JCU Singapore Campus
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James Cook University, Singapore: A branch campus in Asia with an eye on the future

How beneficial is it to study at JCU? We ask Professor May Tan-Mullins

In the realm of higher education, a startling truth prevails: the voices of students, brimming with remarkable ideas and untapped potential, often go unheard — but not in Singapore. In the “Lion City” is a James Cook University (JCU) branch campus determined to offer more students the chance to earn the same globally-recognised degrees offered at its main campus in Australia.

What started as JCU’s first international campus in 2003 with around 30 students is now an institution with almost 4,000 students, ranked among the top 2% of universities in the world. Spanning five blocks that are four storeys high, the campus exudes a cosy, yet dynamic feel.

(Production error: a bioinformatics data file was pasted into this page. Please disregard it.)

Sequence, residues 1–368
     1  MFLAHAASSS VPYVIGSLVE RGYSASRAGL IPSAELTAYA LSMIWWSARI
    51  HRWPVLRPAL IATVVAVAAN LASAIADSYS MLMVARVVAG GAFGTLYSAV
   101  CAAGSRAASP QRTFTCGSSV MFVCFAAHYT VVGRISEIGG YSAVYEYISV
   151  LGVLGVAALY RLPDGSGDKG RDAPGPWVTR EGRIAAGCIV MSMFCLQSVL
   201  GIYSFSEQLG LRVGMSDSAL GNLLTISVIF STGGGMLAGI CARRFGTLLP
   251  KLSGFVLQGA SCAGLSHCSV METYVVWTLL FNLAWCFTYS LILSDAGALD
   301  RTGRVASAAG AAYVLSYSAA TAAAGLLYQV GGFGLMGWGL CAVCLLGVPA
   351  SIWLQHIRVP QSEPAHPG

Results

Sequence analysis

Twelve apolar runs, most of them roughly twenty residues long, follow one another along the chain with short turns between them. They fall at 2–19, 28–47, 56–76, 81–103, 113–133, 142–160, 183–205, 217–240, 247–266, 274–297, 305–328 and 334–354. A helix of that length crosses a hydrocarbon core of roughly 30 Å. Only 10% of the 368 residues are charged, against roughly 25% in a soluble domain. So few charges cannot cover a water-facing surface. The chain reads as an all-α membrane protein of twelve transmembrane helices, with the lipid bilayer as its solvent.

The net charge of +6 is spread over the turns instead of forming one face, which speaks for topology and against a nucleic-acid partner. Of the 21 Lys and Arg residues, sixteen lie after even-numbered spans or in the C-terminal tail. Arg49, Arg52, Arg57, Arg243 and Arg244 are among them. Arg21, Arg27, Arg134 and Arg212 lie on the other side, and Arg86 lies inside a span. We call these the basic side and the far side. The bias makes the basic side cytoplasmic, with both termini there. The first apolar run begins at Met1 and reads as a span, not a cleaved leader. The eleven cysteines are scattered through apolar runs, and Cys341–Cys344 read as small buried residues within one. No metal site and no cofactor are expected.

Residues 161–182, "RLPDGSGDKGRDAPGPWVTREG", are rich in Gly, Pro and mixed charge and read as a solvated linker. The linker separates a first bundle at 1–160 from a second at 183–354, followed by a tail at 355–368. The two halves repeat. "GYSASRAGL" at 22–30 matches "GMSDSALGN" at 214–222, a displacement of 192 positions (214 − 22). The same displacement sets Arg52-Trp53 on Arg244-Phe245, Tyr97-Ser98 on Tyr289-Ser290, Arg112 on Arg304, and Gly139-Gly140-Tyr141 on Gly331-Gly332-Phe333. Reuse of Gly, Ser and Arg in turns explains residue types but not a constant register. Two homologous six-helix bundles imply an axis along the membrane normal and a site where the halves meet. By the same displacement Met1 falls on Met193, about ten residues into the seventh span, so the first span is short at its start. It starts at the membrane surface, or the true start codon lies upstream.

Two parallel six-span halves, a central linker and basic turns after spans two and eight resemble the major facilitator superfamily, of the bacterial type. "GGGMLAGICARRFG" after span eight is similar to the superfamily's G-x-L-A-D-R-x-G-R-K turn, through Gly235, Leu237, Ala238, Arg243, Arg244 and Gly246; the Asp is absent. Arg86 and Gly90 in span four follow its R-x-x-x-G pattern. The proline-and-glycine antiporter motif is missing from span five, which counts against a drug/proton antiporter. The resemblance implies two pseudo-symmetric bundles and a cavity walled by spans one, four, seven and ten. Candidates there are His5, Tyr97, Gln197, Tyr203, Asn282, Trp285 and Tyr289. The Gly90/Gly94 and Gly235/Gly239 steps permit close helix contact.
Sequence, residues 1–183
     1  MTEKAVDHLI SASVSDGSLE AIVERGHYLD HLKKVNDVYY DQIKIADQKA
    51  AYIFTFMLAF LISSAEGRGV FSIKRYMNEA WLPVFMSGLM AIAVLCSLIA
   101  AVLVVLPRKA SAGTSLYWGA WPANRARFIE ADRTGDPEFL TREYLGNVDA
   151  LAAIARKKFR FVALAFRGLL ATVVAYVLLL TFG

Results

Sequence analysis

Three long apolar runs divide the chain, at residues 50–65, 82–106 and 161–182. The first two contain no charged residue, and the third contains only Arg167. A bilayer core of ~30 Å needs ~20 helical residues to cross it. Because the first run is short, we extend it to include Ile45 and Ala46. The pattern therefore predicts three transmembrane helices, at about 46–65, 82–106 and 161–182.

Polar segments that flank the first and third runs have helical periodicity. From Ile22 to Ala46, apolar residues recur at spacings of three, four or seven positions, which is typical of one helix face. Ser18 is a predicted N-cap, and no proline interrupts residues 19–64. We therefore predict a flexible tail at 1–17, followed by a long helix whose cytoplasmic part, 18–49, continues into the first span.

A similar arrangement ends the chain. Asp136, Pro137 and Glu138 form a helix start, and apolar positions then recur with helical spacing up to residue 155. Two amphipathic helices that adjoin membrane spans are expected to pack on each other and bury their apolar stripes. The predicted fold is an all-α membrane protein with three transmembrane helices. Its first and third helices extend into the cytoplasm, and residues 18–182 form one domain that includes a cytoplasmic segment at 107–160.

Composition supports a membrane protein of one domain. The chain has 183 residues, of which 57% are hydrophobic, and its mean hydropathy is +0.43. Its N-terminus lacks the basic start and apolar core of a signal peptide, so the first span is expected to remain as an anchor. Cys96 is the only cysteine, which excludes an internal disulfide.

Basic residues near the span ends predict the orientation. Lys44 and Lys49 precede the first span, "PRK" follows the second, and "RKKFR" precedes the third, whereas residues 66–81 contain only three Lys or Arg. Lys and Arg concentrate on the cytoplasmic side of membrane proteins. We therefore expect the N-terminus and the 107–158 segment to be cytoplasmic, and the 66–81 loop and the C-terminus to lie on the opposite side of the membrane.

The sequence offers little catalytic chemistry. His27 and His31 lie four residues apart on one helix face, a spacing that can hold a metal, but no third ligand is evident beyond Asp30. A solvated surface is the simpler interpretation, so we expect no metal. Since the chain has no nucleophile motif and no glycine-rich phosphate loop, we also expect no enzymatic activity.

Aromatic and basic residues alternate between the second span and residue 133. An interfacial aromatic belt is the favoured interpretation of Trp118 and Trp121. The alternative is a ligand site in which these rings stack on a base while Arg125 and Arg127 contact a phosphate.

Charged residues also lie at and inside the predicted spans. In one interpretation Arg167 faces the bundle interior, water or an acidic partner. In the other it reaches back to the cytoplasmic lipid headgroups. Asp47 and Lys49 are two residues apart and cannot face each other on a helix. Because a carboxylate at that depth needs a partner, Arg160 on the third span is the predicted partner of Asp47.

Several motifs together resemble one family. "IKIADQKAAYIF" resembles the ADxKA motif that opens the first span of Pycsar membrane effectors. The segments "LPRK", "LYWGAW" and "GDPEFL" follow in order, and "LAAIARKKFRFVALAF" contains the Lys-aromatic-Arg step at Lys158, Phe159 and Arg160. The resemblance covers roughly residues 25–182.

Dean International and Chief Sustainability Officer Professor May Tan-Mullins often says it’s important to listen to and engage with students every step of the way. “It’s important to get a sense of what students want,” she adds. “It’s all really quite interesting — they give us fascinating ideas. I even have students trying to purchase plastic recycling machines to evolve waste into souvenirs.”